Small firms can find it hard to match the energy, world class talent and diversity that make larger companies so competitive. It doesn’t have to be that way.
Start a business with less than 10 employees and you’ll soon discover how quickly your co-workers can seem dull. No matter how much you like them, walking into a small office with just the 6 of you feels as eerily quiet as church on a Tuesday morning.
Smallness can eventually work against you, as talent migrates out to rival firms with a mailroom bigger than your entire office and opportunities pass you by because you lack the scale and diversity needed to solve complex problems.
Realizing that we were not the only consultancy facing this challenge, we launched Kongo: our opportunity to surround ourselves with some of the brightest independent professionals and start-ups in the media and creative industries.
We opened over 5,000 square feet of beautifully designed loft-space to a small group of world-class designers, researchers, writers, producers, motion graphics experts, innovators and foreign correspondents. Some of our colleagues include FireFish USA (research), Positron (experiential design engineers), A Different Engine (UX design), Messaging Lab (biotech), QuesttoNo (product design), SmartAssDesign and Machine (innovation and design)
Based in Dumbo, the heart of New York’s most vibrant start-up community, we now collectively enjoy the resources of larger Madison Avenue agencies, with none of the politics.
“Are you in marketing? kill yourself” famously said comedian Bill Hicks.
According to Carl Cederström, when “Thomas Jefferson wrote in the Declaration of Independence that the pursuit of happiness was an unalienable right, he did not just intend to say that man should pursue pleasure, but that he should also have the right to acquire and possess property”.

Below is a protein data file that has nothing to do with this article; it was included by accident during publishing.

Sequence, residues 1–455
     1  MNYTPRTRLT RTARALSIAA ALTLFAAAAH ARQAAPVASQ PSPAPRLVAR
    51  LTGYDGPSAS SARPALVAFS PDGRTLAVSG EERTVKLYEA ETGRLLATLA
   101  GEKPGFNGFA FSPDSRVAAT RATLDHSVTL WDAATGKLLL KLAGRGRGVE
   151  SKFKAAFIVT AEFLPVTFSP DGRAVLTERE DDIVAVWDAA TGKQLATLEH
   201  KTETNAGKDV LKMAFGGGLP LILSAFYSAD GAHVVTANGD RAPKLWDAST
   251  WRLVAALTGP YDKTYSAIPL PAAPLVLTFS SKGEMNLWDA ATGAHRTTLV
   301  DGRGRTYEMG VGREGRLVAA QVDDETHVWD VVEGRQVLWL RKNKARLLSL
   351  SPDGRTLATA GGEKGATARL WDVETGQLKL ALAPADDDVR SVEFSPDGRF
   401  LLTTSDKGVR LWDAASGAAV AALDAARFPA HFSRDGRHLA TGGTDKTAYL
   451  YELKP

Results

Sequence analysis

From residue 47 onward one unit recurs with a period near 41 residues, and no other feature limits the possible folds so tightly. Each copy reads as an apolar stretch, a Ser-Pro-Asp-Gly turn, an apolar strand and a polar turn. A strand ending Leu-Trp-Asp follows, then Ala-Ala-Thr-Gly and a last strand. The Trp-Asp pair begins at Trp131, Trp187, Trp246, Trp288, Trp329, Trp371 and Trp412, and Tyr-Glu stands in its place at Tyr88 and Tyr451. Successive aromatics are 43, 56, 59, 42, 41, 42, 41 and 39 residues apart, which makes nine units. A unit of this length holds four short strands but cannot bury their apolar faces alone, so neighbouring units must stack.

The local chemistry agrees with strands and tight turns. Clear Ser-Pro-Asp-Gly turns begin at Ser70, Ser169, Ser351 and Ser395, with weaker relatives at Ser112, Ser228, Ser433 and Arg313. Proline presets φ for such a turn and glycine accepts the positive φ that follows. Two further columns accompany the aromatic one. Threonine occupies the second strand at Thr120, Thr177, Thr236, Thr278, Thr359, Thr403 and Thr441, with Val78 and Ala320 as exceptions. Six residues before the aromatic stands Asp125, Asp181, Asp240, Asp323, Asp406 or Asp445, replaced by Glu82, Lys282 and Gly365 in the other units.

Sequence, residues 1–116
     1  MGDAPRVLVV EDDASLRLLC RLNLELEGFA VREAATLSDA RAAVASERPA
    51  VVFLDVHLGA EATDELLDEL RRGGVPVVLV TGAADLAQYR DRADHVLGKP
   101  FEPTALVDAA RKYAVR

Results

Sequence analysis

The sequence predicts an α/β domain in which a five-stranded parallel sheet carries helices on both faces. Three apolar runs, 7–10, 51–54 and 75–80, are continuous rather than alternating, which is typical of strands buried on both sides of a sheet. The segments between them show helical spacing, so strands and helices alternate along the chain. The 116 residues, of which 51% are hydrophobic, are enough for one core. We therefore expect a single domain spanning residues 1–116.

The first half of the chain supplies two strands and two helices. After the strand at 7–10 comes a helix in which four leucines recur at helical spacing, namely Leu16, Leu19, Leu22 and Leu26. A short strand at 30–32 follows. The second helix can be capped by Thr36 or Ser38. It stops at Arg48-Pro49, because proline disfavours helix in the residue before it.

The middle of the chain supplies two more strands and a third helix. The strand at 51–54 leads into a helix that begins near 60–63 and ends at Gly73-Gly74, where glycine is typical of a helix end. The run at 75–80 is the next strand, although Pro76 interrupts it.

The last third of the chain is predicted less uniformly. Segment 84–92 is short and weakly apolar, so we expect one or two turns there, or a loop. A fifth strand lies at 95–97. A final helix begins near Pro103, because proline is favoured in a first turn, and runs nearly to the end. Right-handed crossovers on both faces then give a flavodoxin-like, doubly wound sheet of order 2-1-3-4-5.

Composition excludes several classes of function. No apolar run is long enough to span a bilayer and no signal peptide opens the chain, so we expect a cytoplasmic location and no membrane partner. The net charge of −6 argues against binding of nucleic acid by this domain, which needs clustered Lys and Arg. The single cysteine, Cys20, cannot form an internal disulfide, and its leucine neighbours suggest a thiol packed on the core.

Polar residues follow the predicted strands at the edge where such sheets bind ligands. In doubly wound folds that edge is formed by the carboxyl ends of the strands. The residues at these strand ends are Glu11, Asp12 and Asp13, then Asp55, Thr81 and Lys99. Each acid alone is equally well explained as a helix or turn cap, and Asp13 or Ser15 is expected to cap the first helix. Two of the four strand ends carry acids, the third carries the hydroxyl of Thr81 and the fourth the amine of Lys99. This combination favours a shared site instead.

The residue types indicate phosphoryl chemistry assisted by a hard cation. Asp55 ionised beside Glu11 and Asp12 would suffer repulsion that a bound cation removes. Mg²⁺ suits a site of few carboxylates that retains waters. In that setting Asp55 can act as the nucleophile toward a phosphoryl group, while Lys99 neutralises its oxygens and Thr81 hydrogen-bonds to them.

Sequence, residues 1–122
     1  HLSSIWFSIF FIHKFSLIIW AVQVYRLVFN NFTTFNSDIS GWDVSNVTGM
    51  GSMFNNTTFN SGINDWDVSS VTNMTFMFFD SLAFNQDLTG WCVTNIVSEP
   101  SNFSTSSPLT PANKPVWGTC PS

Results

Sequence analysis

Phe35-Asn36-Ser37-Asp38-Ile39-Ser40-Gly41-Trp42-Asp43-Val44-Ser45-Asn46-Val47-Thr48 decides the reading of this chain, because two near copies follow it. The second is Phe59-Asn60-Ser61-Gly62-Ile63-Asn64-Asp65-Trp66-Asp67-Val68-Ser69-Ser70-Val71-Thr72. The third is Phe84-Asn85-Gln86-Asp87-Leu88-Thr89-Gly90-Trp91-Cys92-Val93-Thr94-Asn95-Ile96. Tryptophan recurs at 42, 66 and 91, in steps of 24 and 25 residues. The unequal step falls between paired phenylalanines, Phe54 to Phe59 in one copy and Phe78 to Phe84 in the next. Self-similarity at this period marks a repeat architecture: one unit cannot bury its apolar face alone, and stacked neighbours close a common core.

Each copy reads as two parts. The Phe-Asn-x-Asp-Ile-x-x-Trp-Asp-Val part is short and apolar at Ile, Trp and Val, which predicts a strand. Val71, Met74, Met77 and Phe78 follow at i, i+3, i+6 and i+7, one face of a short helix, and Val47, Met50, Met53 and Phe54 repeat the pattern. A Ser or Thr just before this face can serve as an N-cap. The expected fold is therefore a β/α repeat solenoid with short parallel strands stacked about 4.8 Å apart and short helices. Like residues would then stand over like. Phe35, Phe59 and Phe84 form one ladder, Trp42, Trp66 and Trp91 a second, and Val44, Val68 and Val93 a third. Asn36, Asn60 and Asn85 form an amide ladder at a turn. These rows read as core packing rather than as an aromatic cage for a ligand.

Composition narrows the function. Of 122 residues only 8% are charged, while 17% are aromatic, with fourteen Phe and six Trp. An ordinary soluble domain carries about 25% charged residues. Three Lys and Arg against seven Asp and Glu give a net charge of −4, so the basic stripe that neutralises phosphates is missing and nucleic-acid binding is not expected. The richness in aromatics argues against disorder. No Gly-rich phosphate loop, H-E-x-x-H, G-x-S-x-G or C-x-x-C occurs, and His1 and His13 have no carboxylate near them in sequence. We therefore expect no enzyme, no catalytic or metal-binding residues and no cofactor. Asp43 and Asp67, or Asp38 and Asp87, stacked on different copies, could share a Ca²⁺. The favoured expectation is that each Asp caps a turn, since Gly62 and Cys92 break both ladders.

In other words: Pleasure+Property=Happiness.
This relation between Happiness and Economic Performance is so entrenched that we use the same word to describe serious setbacks on either side of that equation: Depression.
Were Jefferson around today, he would probably love marketers: we help improve the world by informing consumers and fueling competition. This eventually translates into better, more affordable goods for all, creating jobs and growth along the way. More property, more pleasure: more happiness.
Others understand Happiness not as a fleeting state but a permanent one, reached through introspection and a deeper understanding of Life.
From this perspective, advertising helps fuel spiritual ADD, distracting society from the pursuit of Happiness, and instead tempting us with the rewards of Joy, which are ephemeral.
A new dress, car, stereo or a vacation are thus Joy Fuel: acquisitions that give us a rush of a temporary wellbeing, that disappears as soon as new events unfold or the novelty wears out.
But worry not, we just launched this brand new shiny thing: In a society driven by instant gratification, years of spiritual work can seem too daunting a task when an instant jolt of Joy can be acquired with two clicks of a mouse.
So while advertising isn’t any more evil than a hammer or a cup, it can enrich popular culture and our lives just as quickly as it can become the lubricant of our procrastinations, perpetually distracting us from the Pursuit of Happiness with the quick fix offered by the shiny Joy Fuel we are paid to sell.
Interestingly, research* indicates that the elder, precisely the section of society less impressed by brands, novelty and trends, are consistently happier than younger generations.